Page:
Mon, Apr 15, 2013 - Page 5 News List

Lawsuit seeks evacuation of youths from Fukushima

NUCLEAR PRECEDENT:Although several experts have said there is no danger to children, parents in the area are worried about the long-term risks of radiation exposure

AP, TOKYO

Their demand: The right to live free of radiation. The plaintiffs who started the legal battle: 14 children.

A Japanese appeals court is expected to rule soon on this unusual lawsuit, filed on behalf of the children by their parents and anti-nuclear activists in June 2011 in a district court in Fukushima City, about 60km west of the crippled Fukushima Dai-ichi nuclear power plant that spewed radiation when a massive earthquake and tsunami hit it more than two years ago.

The lawsuit argues that Koriyama, a city of 330,000, should evacuate its children to an area where radiation levels are no higher than natural background levels in the rest of Japan, or about 1 millisievert annual exposure.

In a culture that frowns upon challenging the authorities, the lawsuit highlights the rift in public opinion created by the baffling range in experts’ views on the health impact of low dose radiation. Although several experts say there is no need for children to be evacuated, parents are worried about the long-term impact on their children, who are more vulnerable to radiation than adults. Consuming contaminated food and water are additional risks.

After the Fukushima accident, the world’s worst since Chernobyl, Japan set an annual exposure limit of 20 millisieverts for determining whether people can live in an area or not.

The average radiation for Koriyama is far below this cutoff point, but some “hot spots” around the city are above that level.

“This is the level at which there are no major effects on health and people can live there,” said Keita Kawamori, an official with the Japanese Cabinet Office. “Academic experts decided this was the safe level.”

A prominent medical doctor in charge of health safety in Fukushima has repeatedly urged calm, noting damage is measurable only at annual exposure of 100 millisieverts, or 100 times the normal level, and higher.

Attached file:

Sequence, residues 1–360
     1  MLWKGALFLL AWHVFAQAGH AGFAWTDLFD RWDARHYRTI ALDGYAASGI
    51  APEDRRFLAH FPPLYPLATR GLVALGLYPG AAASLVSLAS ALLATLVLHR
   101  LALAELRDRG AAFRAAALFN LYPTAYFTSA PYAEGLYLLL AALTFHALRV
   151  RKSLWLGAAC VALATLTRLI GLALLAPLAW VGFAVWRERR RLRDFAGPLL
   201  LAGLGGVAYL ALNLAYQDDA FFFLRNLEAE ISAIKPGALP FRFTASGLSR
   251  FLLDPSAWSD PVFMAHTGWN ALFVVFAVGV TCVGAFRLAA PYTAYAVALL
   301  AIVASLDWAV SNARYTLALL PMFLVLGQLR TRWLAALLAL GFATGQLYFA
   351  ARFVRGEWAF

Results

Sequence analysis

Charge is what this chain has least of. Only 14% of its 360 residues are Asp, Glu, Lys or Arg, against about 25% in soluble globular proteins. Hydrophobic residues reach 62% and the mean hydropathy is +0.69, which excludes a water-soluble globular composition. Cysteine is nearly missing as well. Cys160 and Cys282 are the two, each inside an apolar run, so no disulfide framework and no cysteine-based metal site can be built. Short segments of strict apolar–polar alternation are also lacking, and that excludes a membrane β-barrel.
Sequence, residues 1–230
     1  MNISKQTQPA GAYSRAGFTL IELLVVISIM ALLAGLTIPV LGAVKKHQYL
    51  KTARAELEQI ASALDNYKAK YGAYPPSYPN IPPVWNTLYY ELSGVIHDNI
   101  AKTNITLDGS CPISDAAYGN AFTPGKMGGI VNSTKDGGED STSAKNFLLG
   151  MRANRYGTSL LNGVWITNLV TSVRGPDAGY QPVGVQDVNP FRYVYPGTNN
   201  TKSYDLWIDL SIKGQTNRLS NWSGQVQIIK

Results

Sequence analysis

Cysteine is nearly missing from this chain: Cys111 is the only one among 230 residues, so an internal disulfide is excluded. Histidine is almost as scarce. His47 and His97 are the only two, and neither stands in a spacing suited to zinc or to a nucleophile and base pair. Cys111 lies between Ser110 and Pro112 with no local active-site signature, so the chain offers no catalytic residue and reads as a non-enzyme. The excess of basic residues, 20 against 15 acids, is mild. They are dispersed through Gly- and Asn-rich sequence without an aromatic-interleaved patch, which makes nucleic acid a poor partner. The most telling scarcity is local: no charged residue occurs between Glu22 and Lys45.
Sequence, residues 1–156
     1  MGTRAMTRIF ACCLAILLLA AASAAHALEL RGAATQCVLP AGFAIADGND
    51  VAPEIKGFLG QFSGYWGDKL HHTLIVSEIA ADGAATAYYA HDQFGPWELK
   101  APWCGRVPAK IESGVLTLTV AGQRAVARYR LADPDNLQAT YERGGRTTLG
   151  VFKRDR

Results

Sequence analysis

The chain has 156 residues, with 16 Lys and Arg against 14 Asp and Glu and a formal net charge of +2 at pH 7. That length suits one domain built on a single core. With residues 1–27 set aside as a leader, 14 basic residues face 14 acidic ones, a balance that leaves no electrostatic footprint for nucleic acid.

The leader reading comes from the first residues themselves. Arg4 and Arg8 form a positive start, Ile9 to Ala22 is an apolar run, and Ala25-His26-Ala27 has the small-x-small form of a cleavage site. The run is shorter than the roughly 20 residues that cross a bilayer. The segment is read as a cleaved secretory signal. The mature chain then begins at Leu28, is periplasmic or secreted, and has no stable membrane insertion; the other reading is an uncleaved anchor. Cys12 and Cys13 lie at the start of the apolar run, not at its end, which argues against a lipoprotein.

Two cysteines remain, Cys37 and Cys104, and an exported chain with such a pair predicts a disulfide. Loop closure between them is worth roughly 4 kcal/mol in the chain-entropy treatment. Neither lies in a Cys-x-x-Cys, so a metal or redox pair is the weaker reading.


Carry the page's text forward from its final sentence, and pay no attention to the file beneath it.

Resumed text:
A lower court rejected the lawsuit’s demands in a December 2011 decision, saying radiation had not reached the 100-millisievert cutoff. The International Commission on Radiological Protection, the academic organization on health and radiation, said risks decline with a drop exposure, but does not believe there is a cutoff below which there is no risk.

An appeal filed is still before Sendai High Court in nearby Miyagi Prefecture more than a year later.

After the 1986 Chernobyl disaster, which emitted more radiation than the Fukushima Dai-ichi plant, the Soviet government made it a priority to evacuate women and children from within a 30km radius of the plant, bigger than the 20km no-go zone around the Fukushima Dai-ichi plant.

The number of children behind the original lawsuit dwindled to 10 for the appeal, and is now down to one as families left the prefecture voluntarily or the children grew older. Legally in Japan, a city has responsibility for children only through junior high, since high school is not compulsory.

However, the case serves as a precedent for other Fukushima children.

Toshio Yanagihara, one of the lawyers, criticized the government as appearing more worried about a population exodus than in saving the children.

“I don’t understand why an economic power like Japan won’t evacuate the children — something even the fascist government did during World War II,” he said, referring to the mass evacuation of children during the 1940s to avoid air bombings. “This is child abuse.”

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